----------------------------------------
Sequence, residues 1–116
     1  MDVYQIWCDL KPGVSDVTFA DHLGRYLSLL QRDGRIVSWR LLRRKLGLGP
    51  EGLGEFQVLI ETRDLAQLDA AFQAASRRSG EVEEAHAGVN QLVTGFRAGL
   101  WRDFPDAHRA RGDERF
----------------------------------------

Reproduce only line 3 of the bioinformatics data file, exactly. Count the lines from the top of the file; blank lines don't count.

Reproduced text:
    51  EGLGEFQVLI ETRDLAQLDA AFQAASRRSG EVEEAHAGVN QLVTGFRAGL